Foxes adorn more than the logo at Fox Vending Inc. in Bridgeview, Ill. Three of them guard the lobby and remind the staff that it takes cleverness to start a business and keep it running. The operation has survived more than half a century through dedicated customer service and an eye on profit margins. Under the founder James Fox to second generation president Jennifer Fox, the company has grown to service a 50-mile radius around Chicago and swelled to 18 routes. Fox Vending’s success stems from launching into new types of services and never compromising profits to get new business.
One machine started it all
James Fox worked as an Aramark vending route driver in 1961 after being discharged from the army. He loved his job — the hours, the independence, the idea. He was lured away by better pay and tried other delivery jobs, but Fox decided he preferred vending. He started his own business, A-OK Vending, in 1962 with one cigarette machine on the Southside of Chicago. His main point of difference was he never operated on credit.
“In building this business, I didn’t borrow any money,” explained Fox. “If I didn’t have the money, I didn’t buy it.” Fox even owns the building in Bridgeview and rents it back to the operation.
Fox Vending also adopted money saving strategies early on that would be considered green now. Fox added skylights to the warehouse roof in 1993 and now no electric lights are required, even in winter. Around the same time, the company added a cardboard compactor that condenses all the boxes into pallets that Fox Vending sells.
Assuming a new name
In 1975, the Fox Vending name became available and James Fox decided to personalize his business. He also added the image of a fox to the logo for the purpose of marketing. Adding his phone number and name to the top of downtown delivery vehicles was also part of his marketing strategy.
The company grew organically and through acquisitions, some of which brought office coffee service opportunities. Fox Vending got into Keurig single cup brewers when it purchased All Seasons in January 2004. While the management likes the quality and flexibility of k-cups, they are also investigating other cartridge-style single cup coffee in order to remain competitively priced. In 2005, it purchased Park Manor Coffee, which added two dedicated coffee service routes. Fox Vending doesn’t roast its own coffee, but instead partners with local roasters.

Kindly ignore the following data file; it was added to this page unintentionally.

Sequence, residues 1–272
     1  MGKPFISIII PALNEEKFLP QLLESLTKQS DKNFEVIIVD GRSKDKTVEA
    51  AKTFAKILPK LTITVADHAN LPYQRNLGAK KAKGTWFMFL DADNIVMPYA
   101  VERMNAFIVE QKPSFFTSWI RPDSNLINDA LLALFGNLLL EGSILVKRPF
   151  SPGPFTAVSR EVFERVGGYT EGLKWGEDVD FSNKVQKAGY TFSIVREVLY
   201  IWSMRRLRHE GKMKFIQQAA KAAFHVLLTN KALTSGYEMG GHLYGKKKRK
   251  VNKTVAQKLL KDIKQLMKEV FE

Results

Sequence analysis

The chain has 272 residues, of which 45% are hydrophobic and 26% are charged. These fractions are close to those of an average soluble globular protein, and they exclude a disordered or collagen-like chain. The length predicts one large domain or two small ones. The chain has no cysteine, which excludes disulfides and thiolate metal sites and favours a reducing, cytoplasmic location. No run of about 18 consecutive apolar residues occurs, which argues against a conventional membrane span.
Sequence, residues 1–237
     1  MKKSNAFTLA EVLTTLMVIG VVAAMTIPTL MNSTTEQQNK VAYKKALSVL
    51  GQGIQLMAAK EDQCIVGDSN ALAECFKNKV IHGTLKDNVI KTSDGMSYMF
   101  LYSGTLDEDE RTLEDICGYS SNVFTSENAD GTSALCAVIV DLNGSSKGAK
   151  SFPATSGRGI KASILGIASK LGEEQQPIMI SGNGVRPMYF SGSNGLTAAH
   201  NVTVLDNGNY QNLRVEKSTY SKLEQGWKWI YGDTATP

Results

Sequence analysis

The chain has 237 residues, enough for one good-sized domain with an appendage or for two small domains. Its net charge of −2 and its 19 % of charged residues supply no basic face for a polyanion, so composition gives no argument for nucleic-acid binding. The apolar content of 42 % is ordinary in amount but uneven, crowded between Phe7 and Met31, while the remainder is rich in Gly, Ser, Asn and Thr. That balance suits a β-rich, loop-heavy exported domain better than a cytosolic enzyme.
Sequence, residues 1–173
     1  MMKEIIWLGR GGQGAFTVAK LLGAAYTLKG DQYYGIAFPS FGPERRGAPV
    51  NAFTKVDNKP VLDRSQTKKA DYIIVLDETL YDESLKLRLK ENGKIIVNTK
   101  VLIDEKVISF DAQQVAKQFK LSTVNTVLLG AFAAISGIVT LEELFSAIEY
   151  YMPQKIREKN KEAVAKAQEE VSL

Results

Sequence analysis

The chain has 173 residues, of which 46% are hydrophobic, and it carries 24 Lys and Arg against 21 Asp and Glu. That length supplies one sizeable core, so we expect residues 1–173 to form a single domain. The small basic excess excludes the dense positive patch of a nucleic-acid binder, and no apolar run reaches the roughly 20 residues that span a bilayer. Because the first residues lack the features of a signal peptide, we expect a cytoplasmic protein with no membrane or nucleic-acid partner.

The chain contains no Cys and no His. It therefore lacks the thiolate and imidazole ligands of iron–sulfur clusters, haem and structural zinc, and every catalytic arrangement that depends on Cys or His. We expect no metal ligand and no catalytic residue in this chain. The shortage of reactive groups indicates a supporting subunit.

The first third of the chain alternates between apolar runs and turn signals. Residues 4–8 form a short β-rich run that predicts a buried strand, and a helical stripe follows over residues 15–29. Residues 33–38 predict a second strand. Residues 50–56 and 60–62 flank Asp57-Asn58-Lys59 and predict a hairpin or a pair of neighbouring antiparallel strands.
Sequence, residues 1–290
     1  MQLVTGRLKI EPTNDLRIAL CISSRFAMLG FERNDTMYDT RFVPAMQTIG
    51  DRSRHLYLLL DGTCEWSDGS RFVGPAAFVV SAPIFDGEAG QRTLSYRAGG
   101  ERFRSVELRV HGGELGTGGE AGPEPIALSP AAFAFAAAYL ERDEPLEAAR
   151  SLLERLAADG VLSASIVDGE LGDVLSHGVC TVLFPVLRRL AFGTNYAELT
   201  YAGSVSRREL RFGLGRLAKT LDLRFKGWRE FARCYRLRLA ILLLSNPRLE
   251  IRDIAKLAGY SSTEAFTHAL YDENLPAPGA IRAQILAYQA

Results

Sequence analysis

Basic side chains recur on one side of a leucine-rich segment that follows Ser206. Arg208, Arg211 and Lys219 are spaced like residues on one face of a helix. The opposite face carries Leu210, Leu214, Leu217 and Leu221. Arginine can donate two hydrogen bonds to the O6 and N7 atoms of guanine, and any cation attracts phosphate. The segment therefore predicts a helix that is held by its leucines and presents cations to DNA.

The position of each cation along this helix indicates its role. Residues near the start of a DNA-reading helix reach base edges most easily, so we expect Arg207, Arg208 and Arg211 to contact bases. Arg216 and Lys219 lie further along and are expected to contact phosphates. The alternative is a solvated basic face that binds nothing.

Technology was the next major change for Fox Vending. Fox added handhelds and vending management software in 2009 to improve route efficiencies and cash accountability.
Going second generation
In 2000, Fox wanted to step back a bit from the everyday challenges of being an operator, but wanted someone at the top he could trust. His daughter, Jennifer Fox, had just graduated with a graphic design degree and was trying to get a job. He asked her to try out the vending business. Having grown up around the company, calling the long-time service technician ‘Uncle Charlie’ and riding on veteran and award winning route driver Jim Milton’s product cart, Jennifer knew the industry, but had plans of her own. Still, she couldn’t say no to her father.
“I never intended to stay,” said Jennifer. It’s now 13 years later, and she’s the president of the operation.
Jennifer likes to keep Fox Vending unique and interesting, so she recently launched the company’s first micro market after investigating them with the help of a friendly competitor. She chose the Breakroom Provisions market and it has exceeded her expectations.
“One great benefit of having a micro market is the ability to pass on the sales tax to the end user,” said Jennifer. On some products, the sales tax can be 9.75 percent in the Chicago area and consumers don’t realize it’s included in the vend price. Adding it separately in micro markets has been a win for Fox Vending. Jennifer also likes that micro markets have a greater flexibility in what can be sold, since there’s no coil to fit into.